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Posted by Danielle Harvey on 31 August 2020
Little Kulala's newly enhanced food experience is designed to reflect the camp's conservation story through the use of immersive dining and a mindful menu that celebrates Namibia's sustainable and indigenous ingredients.
Currently undergoing a refurbishment, Little Kulala is the ideal post-COVID travel destination, with a wide variety of private dining options that range from stargazing dinners to exclusive dining in its underground wine cellar, as well as superb sundowners that boast picturesque sunsets and redefine exclusivity.
"We will integrate our positive impact story into the Little Kulala food experience to enable our guests to explore the wonders of the Namib Desert. Our range of immersive dining experiences will not just serve as talking points to encourage interaction but will also reveal treasured insights into the inscrutable Namib Desert, and our continued role in conserving its surprising richness and diversity of life. We want to encourage an interactive storytelling atmosphere with lighthearted yet enlightening conversations between our guests and experienced guides", says Wilderness Safaris Group Food Experience manager, Linda Van Rensburg.
As soon as this rejuvenated camp re-opens, the chefs will be ready to cook and serve their signature dishes at the outdoor fireplace with guests. A classic fireside dish is roosterbrood, which isn't just delicious and always served hot and fresh, but also forms part of an ancient tradition passed on from generation to generation.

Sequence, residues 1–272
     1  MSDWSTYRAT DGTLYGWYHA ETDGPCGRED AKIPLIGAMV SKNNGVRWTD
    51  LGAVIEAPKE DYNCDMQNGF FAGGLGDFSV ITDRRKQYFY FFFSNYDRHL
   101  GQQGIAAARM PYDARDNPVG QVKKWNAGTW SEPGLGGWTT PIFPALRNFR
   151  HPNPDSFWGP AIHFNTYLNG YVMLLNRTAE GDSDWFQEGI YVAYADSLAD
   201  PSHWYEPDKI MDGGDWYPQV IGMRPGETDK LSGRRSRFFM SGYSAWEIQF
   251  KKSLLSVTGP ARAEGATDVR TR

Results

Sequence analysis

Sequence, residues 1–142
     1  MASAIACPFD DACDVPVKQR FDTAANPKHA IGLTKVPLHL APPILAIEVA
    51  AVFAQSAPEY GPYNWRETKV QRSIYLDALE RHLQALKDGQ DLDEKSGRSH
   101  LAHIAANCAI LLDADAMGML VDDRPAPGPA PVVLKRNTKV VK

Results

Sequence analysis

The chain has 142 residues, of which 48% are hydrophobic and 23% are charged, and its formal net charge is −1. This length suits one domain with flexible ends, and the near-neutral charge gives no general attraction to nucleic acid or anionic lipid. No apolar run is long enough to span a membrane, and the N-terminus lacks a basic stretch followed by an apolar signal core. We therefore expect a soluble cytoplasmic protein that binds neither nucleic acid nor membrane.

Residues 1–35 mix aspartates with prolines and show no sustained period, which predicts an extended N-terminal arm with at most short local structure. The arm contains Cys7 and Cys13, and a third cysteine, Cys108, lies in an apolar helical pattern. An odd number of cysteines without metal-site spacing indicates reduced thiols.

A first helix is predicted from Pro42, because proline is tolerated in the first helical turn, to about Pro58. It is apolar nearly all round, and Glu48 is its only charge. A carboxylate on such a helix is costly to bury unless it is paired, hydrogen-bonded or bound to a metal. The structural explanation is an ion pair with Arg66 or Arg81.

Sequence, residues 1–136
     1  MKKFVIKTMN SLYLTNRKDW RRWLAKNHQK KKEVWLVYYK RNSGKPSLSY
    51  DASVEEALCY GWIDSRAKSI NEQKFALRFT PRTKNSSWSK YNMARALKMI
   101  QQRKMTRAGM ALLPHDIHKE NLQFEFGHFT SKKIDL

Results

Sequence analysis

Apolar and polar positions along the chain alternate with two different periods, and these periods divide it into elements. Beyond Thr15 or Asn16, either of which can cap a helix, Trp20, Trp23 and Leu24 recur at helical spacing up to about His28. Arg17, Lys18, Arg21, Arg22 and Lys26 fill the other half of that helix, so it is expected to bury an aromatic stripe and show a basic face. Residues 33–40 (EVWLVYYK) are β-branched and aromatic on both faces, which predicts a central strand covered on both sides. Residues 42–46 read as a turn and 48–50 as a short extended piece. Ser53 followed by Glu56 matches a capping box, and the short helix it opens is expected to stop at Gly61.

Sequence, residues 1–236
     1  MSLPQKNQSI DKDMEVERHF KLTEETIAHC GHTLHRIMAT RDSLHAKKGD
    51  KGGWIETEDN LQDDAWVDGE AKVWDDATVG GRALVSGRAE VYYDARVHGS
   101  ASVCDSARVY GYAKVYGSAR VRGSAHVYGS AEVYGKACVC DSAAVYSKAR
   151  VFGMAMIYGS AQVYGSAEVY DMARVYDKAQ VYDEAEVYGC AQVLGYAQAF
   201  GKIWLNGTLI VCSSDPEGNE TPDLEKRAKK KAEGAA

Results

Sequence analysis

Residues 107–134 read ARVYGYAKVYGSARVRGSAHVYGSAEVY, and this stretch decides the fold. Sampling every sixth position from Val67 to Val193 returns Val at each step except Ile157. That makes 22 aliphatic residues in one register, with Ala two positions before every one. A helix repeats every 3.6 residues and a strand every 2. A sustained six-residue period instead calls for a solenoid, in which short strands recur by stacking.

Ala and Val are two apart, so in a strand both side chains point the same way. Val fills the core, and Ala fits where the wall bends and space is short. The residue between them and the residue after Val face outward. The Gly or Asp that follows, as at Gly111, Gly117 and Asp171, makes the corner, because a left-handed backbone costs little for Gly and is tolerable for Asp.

At Little Kulala, these slightly charred and smoky braai rolls are usually served with boerewors, tomato relish, seasonal vegetables or venison sosaties – an African kebab usually made with dried fruits, vegetables and meat, marinated in a mild curry sauce. Little Kulala will continue to incorporate a number of local ingredients to showcase the cuisine and cultures of the area. Some of these include the mogau oshi, which will be used in handmade pastas and pastries. This is an organic Namibian wild spinach that tastes like Swiss chard and is packed with iron and fibre. Wambu beans, a local red kidney bean and a great source of protein, is another, which will be added to soups, wild spinach and also made into hummus. Namibian dates have also been popular in the camp's dessert offering. These are sourced from date palm trees in the region and are considered to be little nutrition bombs filled with vitamins, minerals and fibre.
Guests will also be able to indulge in the local rooibos tea, which grows in the southern part of Namibia. In addition to being enjoyed in a range of drinks, it will also be added to the camp's desserts and granolas. "We will be adding an extra element to the classic sleep-out experience, with an African Tapas Dinner that our guests can enjoy while discovering the astonishing Namibian skies. Another incredible experience that usually takes place after the excursion to the magnificent dunes of Sossusvlei is the Oasis Lunch, served with ice-cold local ginger beer and delicious bite-sized treats, all served in an ancient dry river bed", says Linda.
Exclusive and intimate, Little Kulala is set within the pristine 27,000-hectare Kulala Wilderness Reserve. With just 11 rooms in total, guests are assured that dining indoors is just as secluded as being out in the vast desert. Further extending the indoor dining options, each guest suite comes with a sleep-out experience on the roof. The only thing that is more exciting is pairing these experiences with the camp's thrilling desert adventures!
To read more about Little Kulala's conservation success story, click here, or visit wilderness-safaris.com